An application for leave and an application for an order under s 21 may be heard together or the application for an order under s 21 may be heard immediately after the application for leave.35 The hearings may be on separate dates. In any event, the proposed will in respect of which leave is granted may require some modification before an order is made under s 21.
Summary by Eric Butler
Exceptional skills of compassion and understanding.
Kindness and listening skills.
Simple but good advice.
Professional and people are lucky to call you “mate”.
I will always remember and hold you in great esteem.
A wonderful negotiator.
A good bloke with a good heart.
Thank you for always keeping to your word.
Help was wonderful and restored my faith in people.
I consider myself blessed I was able to receive your help.
I have been repeatedly impressed with your professionalism.
Consideration and efficiency.
Grateful for your honesty.
Thank you for your free professional advice.
Explained the facts concisely without any complications.
Would highly recommend you to anyone.
Sure to recommend you to my friends and colleagues.
Glad I had you on my side at mediation.
Will thoroughly recommend you to anyone.
Very sensible but protective at mediation.
So impressed with your return phone calls to me.
So impressed by you trying to protect me.
Advice invaluable and straightforward.
Professional but at the same time caring.
Always took the time to have an in-depth discussion.
Would not hesitate to recommend you to anyone.
Have no hesitation in highly recommending you to anyone.
Explained legal costs very clearly.
Genuine highly skilled Lawyer.
No complicated legal jargon.
You were right from the beginning Eric.
Available day, night and weekends.
No words to express my thanks and deep gratitude.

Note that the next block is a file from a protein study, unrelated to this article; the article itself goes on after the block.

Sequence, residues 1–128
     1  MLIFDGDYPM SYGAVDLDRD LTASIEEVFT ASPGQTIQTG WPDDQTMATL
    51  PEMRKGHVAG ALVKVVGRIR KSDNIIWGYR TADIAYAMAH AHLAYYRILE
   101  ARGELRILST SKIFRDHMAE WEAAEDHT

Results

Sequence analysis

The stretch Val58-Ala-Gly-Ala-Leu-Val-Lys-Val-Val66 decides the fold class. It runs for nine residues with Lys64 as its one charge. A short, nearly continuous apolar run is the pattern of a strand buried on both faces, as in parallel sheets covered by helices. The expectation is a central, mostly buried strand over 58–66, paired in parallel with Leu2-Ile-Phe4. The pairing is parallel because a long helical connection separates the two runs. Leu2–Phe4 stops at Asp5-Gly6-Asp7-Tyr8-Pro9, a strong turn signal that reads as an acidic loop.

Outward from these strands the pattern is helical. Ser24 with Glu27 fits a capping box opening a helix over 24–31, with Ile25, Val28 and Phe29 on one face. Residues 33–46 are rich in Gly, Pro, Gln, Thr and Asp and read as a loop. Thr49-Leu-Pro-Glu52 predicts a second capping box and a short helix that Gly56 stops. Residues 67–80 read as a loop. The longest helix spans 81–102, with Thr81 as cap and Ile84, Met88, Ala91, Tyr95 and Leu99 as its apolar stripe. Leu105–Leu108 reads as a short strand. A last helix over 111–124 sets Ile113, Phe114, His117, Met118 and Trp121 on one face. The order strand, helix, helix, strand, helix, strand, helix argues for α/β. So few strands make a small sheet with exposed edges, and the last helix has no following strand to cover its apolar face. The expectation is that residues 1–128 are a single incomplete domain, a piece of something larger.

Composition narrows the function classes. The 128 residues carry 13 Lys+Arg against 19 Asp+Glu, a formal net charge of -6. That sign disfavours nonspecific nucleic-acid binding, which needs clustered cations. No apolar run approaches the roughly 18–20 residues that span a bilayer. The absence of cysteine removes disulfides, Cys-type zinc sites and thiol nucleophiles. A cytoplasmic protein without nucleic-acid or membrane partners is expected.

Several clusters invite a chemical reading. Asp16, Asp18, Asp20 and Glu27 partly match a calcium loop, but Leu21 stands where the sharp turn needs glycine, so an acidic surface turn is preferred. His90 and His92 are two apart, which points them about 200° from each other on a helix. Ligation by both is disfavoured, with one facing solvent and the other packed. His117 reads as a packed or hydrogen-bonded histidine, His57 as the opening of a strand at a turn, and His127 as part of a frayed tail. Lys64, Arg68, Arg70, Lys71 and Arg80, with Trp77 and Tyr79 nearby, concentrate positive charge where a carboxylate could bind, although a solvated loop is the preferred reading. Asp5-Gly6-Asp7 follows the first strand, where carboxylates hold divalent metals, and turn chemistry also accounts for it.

Compassion and long and hard devoted hours.
Immediate response to my phone calls and emails.
Personal and professional manner.
Explained things in a language that I could understand.
Free help and would recommend you to anybody.
Discreet manner handling a difficult situation.
Free initial advice delivered the same day as my enquiry.
Plain English answers and no complicated legal jargon.
Setting out easy to read information on legal fee costs.
I have full faith in your integrity.
Answered my questions quickly and thoroughly.
Very grateful I had someone like you representing me.
Explained things so clearly.
Patience and understanding.
The first thing that struck me was how approachable you are.
Advice in plain English and knowledgeable.
Professional, genuine and honest.
Mum still talks about how wonderful you were.
Availability was outstanding.
Perseverance and especially your patience.
I appreciate your integrity.
Never failed to be transparent and brutally honest.
Kept to your word on legal costs.
Answered to phone every time I called.
Explained it to me so clearly.
We are always available for a free no obligation discussion
1800 960 156
Level 13, 111 Elizabeth Street ,
Sydney NSW 2000.
Level 11, 456 Lonsdale Street,
Melbourne VIC 3000.
Level 10, 95 North Quay,
Brisbane Brisbane QLD 4000.
Level 1, 45 Hunter Street,
Newcastle NSW 2300.